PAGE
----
Investing.com - The number of people who filed for unemployment assistance in the U.S. last week rose less than expected, holding close to the lowest level since 1973, official data showed on Thursday.
The U.S. Department of Labor said the number of individuals filing for initial jobless benefits in the week ending February 11 increased by 5,000 to a seasonally adjusted 239,000 from the previous week's total of 234,000.
Analysts expected jobless claims to rise by 11,000 to 245,000 last week.
The four-week moving average was 245,250, up 500 from the previous week. The monthly average is seen as a more accurate gauge of labor trends because it reduces volatility in the week-to-week data.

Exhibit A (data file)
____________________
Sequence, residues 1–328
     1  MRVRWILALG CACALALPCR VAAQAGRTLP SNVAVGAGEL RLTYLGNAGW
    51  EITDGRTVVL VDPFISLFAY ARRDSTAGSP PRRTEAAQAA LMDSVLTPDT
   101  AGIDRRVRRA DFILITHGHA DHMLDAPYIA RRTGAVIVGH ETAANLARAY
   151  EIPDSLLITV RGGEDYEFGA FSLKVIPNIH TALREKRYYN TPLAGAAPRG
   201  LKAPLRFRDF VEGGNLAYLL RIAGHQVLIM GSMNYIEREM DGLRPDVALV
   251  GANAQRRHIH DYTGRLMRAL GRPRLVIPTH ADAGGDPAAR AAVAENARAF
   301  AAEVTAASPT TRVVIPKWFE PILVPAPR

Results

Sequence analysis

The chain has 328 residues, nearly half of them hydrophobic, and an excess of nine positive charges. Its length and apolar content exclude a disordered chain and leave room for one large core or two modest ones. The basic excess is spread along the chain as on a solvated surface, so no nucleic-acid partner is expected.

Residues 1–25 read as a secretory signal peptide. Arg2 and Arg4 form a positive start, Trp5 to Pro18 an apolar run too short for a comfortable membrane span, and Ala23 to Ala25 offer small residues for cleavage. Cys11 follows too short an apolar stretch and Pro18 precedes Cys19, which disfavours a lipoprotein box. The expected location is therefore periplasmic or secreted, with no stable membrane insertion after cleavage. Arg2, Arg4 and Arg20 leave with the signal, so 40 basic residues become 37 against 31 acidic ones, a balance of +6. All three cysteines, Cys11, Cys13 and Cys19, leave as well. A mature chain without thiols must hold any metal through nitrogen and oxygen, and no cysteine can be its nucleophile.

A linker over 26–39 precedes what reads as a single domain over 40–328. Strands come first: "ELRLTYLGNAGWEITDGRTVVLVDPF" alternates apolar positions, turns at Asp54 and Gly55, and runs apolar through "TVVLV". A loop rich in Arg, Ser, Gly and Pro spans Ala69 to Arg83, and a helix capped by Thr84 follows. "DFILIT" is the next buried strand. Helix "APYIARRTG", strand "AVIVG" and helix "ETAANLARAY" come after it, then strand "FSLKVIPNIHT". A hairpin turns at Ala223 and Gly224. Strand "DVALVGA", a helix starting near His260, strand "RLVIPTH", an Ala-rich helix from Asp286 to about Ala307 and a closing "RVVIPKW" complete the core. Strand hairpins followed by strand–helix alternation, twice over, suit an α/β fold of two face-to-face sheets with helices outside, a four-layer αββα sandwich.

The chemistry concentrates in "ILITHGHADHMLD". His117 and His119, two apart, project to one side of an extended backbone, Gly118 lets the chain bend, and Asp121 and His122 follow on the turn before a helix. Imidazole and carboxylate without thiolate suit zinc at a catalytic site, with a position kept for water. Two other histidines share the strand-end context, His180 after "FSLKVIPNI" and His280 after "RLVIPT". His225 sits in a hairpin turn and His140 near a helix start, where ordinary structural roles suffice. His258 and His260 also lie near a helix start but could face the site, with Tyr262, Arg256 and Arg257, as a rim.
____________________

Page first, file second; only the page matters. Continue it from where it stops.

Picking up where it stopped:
Continuing jobless claims in the week ended February 4 fell to 2.076 million from 2.079 million in the preceding week. Analysts had expected continuing claims to inch down to 2.051 million.
USD/JPY was at 113.70 from around 113.59 ahead of the release of the data, EUR/USD was trading at 1.0639 from around 1.0650 earlier, while GBP/USD was at 1.2493 from 1.2503.
The US dollar index, which tracks the greenback against a basket of six major rivals, was at 100.67, compared to 100.64 ahead of the report.
Meanwhile, U.S. stock futures pointed to a slightly lower open. The blue-chip Dow futures dipped 9 points, or less than 0.1%, the S&P 500 futures shed 2 points, or 0.1%, while the tech-heavy Nasdaq 100 futures decreased 4 points, or less than 0.1%.
Elsewhere, in the commodities market, gold futures traded at $1,237.45 a troy ounce, compared to $1,239.15 ahead of the data, while crude oil traded at $53.38 a barrel from $53.39 earlier.
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